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Presented by Arts House and Midsumma Festival
Comedy

Thu 31 Jan – Sat 2 Feb
8.30pm
60 mins
$25 / $20

Arts House
North Melbourne Town Hall
521 Queensberry St,
North Melbourne

Warning:
Nudity, smoke effects, adult concepts and loud music

Accessibility:

Image result for Wheelchair accessibleImage result for auslan interpreted performance symbol
Wheelchair Accessible
Auslan Interpreted –  Sat 2 Feb, 8.30pm

Welcome to Beast, a comedy show by the world-famous transgender performer, Krishna Istha. Just kidding, trans people don’t get to be world famous, that’s not how this works.

Directed by the inimitable Zoe Coombs Marr, Beast is a comedic exploration into the life of a trans person in 2019 – what it means to be trans ‘masculine’ without becoming the men we hate and how taking testosterone can transform you into a social renegade, a beast. Using avant-garde comedy and experimental theatre Istha tackles issues of stereotypes, hormone replacement therapy, sexual fluidity and the reality of living while trans head on with heart and humour.

While maybe not world famous, Istha is renowned internationally for work that looks at transformations, gender politics and queer culture using subversive text, cabaret and comedy. Part stand-up comedy and part performance art, Beast is self-help comedy for the oppressed.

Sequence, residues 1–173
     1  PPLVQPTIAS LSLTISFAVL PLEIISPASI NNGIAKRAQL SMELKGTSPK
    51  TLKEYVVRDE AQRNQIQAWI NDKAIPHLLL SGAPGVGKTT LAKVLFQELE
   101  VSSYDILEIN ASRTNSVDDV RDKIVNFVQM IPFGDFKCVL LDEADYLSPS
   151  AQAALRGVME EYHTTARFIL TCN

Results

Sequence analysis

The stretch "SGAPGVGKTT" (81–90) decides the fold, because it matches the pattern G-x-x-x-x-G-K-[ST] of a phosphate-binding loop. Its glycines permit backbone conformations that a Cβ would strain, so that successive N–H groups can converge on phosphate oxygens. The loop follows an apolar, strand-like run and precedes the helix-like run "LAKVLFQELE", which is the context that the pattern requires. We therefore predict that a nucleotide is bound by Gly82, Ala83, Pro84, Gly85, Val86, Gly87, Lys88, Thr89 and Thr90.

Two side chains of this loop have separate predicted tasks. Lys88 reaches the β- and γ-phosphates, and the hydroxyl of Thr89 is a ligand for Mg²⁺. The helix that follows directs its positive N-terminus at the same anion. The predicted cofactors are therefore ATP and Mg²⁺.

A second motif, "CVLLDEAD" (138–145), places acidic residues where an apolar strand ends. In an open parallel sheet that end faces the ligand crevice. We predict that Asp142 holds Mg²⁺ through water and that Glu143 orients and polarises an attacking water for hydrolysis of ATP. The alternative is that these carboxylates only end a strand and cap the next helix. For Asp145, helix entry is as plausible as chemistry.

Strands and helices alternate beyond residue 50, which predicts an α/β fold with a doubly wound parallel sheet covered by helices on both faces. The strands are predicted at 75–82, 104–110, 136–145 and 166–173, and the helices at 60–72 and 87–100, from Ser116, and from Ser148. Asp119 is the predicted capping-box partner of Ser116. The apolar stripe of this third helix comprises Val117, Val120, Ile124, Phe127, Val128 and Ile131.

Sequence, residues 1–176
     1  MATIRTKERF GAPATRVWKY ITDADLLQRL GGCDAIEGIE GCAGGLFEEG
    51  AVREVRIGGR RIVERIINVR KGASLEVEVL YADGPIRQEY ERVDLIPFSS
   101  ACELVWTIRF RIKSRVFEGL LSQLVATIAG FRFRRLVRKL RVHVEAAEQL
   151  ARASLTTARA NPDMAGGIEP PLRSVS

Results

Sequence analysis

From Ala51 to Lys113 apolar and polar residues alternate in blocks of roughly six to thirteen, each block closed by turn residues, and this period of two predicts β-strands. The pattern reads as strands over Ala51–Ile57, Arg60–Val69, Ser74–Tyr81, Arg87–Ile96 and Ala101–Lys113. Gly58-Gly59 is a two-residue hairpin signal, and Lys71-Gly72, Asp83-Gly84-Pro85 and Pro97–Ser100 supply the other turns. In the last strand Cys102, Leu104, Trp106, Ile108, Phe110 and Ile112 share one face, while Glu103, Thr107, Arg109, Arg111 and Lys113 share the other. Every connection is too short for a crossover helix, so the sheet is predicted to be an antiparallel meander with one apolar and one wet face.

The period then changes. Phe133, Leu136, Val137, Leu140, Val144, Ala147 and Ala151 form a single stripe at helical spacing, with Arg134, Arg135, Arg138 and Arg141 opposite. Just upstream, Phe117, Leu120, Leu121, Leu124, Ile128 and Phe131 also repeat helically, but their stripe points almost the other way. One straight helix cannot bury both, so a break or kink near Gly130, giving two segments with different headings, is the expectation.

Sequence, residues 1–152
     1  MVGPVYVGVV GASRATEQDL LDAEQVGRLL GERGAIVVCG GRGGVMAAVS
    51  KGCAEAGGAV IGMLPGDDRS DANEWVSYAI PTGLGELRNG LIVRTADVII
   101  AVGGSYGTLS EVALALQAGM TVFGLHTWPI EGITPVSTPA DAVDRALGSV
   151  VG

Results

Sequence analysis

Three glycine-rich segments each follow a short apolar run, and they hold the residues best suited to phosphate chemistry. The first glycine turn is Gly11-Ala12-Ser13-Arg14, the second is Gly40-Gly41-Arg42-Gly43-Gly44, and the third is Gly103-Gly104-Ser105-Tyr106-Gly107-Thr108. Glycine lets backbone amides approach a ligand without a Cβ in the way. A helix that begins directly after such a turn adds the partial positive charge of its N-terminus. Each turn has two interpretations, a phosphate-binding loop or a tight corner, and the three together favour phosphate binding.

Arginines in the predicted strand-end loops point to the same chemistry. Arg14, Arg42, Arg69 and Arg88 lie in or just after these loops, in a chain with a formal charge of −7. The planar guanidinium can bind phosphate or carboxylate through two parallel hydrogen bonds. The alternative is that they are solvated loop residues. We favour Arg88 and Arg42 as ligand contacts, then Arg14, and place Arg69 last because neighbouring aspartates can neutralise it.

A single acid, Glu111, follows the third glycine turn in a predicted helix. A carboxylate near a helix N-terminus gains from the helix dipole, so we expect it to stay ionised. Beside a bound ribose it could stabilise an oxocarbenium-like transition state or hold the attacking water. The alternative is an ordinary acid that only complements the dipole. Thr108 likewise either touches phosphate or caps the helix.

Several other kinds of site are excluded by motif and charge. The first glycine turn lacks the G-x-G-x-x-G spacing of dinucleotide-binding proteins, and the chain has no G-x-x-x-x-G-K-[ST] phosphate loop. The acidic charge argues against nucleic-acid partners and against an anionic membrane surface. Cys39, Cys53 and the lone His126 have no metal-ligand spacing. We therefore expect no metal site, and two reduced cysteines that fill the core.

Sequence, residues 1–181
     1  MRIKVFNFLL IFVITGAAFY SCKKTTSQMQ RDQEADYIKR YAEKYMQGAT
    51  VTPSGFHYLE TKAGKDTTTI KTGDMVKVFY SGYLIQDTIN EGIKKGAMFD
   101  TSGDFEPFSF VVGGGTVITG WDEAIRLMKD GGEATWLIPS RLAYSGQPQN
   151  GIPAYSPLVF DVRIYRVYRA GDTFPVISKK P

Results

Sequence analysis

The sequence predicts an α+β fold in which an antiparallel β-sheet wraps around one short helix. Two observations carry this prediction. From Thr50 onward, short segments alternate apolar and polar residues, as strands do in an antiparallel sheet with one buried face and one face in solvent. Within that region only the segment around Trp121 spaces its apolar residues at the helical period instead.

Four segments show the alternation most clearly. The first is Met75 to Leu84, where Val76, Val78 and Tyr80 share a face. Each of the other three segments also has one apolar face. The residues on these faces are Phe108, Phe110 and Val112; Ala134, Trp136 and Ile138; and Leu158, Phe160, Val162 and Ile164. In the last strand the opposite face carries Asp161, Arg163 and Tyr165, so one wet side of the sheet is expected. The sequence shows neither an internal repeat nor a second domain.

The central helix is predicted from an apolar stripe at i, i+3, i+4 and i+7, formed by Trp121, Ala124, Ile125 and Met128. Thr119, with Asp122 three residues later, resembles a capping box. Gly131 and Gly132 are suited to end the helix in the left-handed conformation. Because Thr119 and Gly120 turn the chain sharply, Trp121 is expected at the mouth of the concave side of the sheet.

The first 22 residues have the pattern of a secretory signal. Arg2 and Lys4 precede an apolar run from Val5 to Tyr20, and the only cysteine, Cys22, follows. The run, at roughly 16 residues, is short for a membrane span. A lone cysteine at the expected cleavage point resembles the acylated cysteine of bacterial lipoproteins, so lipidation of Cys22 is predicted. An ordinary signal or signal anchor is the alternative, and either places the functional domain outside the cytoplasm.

‘The remarkable Krishna Istha.’ The Monthly (for Wild Bore)

‘Krishna Istha is cute, fiery, and cheeky and has a lot to say on the subjects of queer culture and gender politics.’ Theatre du Jour (for Wild Bore)

Writer and performer:
Krishna Istha
Director and mentor:
Zoe Coombs Marr

This event is part of BODY, a new major project from Arts House in partnership with Midsumma Festival amplifying the voices of trans, gender diverse and intersex peoples.

Supported by – Beast is supported by the City of Melbourne through Arts House and was developed through CultureLAB. BODY is supported by the Australian Government through the Australia Council, its arts funding and advisory body, the Besen Family Foundation; and using public funding by the National Lottery through Arts Council England.
Image by – Cherry Auhoni